A grim future is now
Last week NASA released a study declaring the current drought in the Middle East the worst in the past 900 years. While acknowledging that the area’s climate has varied widely in the past nine centuries, its researchers note with alarm that the past two decades stand out for volatility. The researchers also leave no doubt that the drought was likely exacerbated by human activities, supporting other studies indicating human causes of extreme climate events.
The subject of climate change has largely been ignored in the current presidential election, with its understandable focus on economic insecurity and fears of global violence and extremism, especially in and from the Middle East. But there is a growing consensus that environmental and political issues are tightly connected, and that the water shortage is one of several contributing factors that destabilized Syria in the lead-up to its devastating civil war. Displaced people flooded into Syria’s cities to escape drought conditions, leading to unrest, insurgency, and ultimately a refugee crisis that has spread to Europe and beyond.
Meanwhile, the effects of extreme weather are being felt across the planet, from devastating winds in the South Pacific to the warming trends that have allowed Zika-carrying mosquitoes to thrive and spread. As environmental activist Bill McKibben warns, “Global warming is not a future threat — it’s the present reality, a menace not to our grandchildren but to our present civilizations.”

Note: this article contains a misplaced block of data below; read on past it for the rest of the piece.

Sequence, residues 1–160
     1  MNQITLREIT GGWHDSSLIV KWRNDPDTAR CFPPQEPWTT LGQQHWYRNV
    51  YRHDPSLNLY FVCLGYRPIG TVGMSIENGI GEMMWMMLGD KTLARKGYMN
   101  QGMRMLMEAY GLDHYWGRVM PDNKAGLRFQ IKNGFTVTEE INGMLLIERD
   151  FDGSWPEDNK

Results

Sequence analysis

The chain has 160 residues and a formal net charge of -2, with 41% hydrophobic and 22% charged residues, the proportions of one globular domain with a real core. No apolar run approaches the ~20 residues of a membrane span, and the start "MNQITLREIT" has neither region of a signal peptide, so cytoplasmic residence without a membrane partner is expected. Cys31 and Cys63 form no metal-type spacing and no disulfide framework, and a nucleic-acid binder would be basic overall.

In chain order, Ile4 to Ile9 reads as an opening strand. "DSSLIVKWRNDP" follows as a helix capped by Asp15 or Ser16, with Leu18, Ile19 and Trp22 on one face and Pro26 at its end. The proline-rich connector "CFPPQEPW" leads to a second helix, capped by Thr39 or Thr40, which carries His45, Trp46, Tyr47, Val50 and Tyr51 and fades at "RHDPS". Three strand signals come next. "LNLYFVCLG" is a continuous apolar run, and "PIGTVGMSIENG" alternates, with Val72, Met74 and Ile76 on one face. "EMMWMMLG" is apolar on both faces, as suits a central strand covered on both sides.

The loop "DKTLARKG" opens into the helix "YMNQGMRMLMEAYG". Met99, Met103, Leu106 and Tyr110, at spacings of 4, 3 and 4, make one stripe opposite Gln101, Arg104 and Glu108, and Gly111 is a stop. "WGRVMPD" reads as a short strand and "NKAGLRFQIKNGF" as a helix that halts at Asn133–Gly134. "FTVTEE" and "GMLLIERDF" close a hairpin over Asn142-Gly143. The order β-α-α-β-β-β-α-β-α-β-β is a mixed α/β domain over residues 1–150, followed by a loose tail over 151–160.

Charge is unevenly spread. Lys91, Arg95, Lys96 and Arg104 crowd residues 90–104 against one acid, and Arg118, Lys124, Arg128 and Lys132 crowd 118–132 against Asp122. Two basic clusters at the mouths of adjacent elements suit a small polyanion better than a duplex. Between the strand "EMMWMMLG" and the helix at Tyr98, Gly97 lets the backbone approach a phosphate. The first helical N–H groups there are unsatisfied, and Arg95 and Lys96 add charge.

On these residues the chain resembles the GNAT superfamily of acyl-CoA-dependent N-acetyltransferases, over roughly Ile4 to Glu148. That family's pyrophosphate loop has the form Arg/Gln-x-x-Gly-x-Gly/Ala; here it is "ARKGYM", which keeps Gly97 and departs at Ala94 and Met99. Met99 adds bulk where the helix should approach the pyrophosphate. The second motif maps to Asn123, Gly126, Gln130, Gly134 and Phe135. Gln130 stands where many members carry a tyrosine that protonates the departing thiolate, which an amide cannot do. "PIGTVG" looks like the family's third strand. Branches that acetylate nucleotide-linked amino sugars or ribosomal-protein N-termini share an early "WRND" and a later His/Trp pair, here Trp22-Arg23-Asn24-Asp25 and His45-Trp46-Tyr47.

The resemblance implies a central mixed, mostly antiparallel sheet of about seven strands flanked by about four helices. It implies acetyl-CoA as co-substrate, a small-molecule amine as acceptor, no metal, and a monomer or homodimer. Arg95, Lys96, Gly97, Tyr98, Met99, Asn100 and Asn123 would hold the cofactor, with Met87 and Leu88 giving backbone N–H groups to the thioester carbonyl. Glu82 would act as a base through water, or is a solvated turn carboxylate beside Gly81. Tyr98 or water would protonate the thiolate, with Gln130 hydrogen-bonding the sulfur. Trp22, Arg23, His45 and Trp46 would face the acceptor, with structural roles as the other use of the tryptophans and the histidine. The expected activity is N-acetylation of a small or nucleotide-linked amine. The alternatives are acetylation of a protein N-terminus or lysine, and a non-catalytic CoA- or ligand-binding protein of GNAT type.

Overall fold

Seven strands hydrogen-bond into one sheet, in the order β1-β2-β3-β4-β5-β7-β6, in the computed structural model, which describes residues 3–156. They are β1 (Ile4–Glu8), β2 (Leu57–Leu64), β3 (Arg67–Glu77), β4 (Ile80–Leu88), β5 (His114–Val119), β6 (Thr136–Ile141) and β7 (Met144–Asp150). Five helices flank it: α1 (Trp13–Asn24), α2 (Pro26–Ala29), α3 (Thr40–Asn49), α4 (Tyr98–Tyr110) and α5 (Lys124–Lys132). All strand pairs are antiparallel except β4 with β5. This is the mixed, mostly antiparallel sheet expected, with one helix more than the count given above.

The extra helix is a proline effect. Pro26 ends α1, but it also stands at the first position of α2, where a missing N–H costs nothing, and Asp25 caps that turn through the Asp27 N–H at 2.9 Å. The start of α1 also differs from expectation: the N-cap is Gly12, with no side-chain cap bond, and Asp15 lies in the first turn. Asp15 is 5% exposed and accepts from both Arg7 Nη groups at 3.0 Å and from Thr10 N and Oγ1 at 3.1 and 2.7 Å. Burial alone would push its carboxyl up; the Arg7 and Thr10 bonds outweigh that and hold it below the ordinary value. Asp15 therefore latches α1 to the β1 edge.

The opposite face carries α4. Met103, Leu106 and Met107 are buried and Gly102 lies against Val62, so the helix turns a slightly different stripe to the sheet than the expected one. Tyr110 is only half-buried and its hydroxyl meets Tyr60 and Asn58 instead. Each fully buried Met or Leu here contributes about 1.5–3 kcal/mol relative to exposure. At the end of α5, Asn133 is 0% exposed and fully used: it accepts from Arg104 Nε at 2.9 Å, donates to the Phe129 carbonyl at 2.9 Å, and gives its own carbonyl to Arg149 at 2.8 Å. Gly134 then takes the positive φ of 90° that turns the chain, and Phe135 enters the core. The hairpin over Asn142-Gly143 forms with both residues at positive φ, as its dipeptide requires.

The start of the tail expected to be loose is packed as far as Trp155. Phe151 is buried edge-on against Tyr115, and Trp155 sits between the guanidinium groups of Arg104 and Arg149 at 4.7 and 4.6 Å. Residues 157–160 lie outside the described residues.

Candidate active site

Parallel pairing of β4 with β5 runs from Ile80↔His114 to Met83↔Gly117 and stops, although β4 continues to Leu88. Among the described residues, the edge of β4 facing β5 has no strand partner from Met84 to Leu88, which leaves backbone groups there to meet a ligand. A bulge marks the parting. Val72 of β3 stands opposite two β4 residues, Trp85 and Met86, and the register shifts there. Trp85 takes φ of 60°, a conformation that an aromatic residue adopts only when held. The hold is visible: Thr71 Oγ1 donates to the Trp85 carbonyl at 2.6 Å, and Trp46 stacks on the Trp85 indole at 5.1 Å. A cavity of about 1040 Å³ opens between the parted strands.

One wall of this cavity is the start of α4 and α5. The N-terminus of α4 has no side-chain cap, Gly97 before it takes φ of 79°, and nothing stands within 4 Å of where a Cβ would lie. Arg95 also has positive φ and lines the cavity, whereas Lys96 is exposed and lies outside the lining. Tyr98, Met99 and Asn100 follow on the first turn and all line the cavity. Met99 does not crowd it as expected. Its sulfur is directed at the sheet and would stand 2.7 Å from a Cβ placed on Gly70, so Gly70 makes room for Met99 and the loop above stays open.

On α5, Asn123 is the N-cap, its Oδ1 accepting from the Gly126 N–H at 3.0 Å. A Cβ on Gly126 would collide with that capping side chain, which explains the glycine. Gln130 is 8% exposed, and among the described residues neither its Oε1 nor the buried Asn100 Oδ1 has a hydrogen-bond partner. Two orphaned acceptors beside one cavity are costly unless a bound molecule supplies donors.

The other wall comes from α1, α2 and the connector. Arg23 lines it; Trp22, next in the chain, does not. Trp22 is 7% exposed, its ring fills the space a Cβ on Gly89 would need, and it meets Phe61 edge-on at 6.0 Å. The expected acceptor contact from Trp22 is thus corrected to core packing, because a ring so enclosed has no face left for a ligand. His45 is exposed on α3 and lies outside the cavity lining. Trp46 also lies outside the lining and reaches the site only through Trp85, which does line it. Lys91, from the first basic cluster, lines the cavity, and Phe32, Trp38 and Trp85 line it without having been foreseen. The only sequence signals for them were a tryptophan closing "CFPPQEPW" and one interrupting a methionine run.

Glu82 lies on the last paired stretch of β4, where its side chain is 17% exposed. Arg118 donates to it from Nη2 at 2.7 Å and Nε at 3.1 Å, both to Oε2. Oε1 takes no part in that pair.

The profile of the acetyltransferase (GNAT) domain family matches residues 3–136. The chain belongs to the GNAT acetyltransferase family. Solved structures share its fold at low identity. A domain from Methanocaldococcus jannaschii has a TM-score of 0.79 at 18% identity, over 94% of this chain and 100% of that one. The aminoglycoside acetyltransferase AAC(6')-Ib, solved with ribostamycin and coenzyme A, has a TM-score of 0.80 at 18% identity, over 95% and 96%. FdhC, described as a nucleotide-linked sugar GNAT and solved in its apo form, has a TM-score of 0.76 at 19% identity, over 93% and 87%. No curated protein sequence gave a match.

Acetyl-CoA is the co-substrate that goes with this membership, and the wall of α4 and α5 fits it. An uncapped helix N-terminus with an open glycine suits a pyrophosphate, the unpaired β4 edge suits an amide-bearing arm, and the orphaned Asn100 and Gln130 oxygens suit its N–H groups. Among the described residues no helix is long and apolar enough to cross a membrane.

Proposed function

Israel has weathered the effects of the epic Mideast drought through technology, building six desalination plants that account for nearly 70 percent of Israel’s domestic water consumption. The plants are the result of a partnership between public policy and science — the stewards of the former took seriously the warnings of the latter, marshalling the start-up nation’s resources to address the problem.
As the planet warms and the presidential election heats up, our policymakers owe it to us and our children to accept responsibility, acknowledge the threat, and champion solutions.